Are you leveraging digital media to build personalization strategies for your consumers?

Marriott is just getting started, answered Sean, our focus has been integration.  We are just scratching the surface, big win for us has been to deliver dynamic creative.  We have to be able to deliver a specific message for a specific location, it’s evolving, through email and apps and through the channels we own and have a lot of data on.
Joella would love to use DCO, but due to legal constraints having a lot of creative is prohibitive, can’t do it on the fly, they have a more manual approach, specific banners for specific groups.  There is a conversion team that does testing on our site, find out what journeys convert best for people. They believe in it, they want to be able to have a dynamic landing page, with decisioning based on client value, know what experience they are more likely to convert on.  Jonathon would like to personalize the customer journey based on their fans, give them sneak peaks, real-time audio spots, and personalized messaging.

Again, thank you to our wonderful panelists.  We look forward to our next events in New York May 8th, Seattle, May 22nd and Boston, June 12th.  If you are interested in attending or speaking please reach out to us info@digilant.com.

DC Dinner Panel Discussion: How To Fast Track to an Integrated Digital Media Strategy in 2018?

On Tuesday, March 6th, 2018, Digilant hosted a discussion and dinner at SEI D.C. in Penn Quarter.  I joined local digital media agencies and brands to hear their colleagues discuss their approach to delivering new and innovative programmatic strategies.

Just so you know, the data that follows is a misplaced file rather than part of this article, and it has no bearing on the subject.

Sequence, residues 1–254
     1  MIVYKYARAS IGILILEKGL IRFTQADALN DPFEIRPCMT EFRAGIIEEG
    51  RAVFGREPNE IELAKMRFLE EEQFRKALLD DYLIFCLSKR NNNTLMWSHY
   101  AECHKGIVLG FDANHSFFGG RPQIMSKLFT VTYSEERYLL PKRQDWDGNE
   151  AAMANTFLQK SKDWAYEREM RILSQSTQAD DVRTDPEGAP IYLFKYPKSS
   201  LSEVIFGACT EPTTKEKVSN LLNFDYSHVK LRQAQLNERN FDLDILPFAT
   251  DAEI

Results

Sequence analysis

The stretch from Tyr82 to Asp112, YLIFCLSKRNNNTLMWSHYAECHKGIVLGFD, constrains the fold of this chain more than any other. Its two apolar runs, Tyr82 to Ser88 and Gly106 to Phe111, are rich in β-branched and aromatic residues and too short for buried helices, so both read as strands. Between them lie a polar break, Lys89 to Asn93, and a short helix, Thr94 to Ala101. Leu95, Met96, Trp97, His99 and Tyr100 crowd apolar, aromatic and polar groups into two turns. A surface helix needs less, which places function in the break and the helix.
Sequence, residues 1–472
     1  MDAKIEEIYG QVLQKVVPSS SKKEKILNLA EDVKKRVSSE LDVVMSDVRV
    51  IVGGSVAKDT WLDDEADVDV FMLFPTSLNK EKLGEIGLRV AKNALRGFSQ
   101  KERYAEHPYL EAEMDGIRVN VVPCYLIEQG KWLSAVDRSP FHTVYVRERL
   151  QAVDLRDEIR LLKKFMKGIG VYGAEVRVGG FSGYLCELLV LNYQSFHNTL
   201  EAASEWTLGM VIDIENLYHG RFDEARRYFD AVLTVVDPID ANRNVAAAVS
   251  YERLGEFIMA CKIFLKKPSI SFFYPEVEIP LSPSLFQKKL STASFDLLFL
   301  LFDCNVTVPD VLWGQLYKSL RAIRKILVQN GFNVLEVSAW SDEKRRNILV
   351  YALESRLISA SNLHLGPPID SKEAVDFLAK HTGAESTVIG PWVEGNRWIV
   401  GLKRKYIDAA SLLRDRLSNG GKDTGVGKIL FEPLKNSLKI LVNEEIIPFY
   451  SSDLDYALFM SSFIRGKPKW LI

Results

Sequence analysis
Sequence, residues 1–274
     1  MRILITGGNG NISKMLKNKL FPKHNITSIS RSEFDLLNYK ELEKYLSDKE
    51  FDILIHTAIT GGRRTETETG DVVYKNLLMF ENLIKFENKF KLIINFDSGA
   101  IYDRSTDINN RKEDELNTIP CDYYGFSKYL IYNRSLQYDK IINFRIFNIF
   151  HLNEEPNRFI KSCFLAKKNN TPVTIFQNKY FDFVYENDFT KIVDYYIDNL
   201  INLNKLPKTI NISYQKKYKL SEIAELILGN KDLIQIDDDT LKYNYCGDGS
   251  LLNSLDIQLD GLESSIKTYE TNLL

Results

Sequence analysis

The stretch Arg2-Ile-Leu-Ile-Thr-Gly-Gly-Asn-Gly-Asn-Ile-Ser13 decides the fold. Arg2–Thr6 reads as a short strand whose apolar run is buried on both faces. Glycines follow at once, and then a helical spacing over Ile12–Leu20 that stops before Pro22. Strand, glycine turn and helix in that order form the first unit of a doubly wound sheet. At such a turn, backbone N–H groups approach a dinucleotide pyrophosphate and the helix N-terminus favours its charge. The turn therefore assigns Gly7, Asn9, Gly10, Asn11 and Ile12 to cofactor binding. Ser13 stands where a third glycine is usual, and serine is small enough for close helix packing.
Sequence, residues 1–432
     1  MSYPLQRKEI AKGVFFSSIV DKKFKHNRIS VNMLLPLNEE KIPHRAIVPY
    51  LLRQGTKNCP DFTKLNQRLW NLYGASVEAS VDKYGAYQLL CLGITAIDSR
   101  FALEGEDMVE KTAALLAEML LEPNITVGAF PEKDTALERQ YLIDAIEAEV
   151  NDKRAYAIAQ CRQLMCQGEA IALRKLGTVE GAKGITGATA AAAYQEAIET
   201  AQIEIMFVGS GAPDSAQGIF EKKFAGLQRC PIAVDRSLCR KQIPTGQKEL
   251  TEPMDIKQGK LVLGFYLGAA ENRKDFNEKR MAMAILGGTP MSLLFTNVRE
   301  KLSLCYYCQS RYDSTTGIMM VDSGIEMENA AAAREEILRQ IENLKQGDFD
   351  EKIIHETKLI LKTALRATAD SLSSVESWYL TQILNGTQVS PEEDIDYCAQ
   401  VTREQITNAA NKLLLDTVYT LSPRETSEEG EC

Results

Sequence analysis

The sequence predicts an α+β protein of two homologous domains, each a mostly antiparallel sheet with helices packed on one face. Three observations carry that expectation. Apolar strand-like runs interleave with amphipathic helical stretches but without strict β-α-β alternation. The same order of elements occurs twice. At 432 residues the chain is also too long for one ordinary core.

As programmatic technology becomes a commodity that everyone is using and has access to, it’s even more important to have integrated teams and strategies to get ahead of the competition. Today’s CMO will be delivering a single media strategy that includes search, social and programmatic. They will be partnering with agencies and businesses that can help them strategize, implement and optimize their digital media across audiences, formats, screens and inventory to most effectively deliver on business goals and objectives.

During this intimate dinner conversation, Digilant Executive Chairman, Alan Osetek, moderated a panel with Professor of Digital Strategy at Georgetown University and former SVP at Edelman, David Almacy, SVP of Media Strategy and Analytics at Discovery Communications, Seth Goren, VP of Marketing for Tegna, Meredith Conte, and Senior Digital Marketing Solutions Manager for ResonateLisa Villano.


Alan kicked off the evening by reminding everyone that Digital Media has evolved enormously over the last 5-10 years, in the sense that when agencies used to present their media plans there used to be one slide at the end of a presentation about trying some digital.  Now for many agencies, not only do they lead with digital, but it could be the whole pitch.

So his first question to the panel was, what words would they use to describe what programmatic means to them?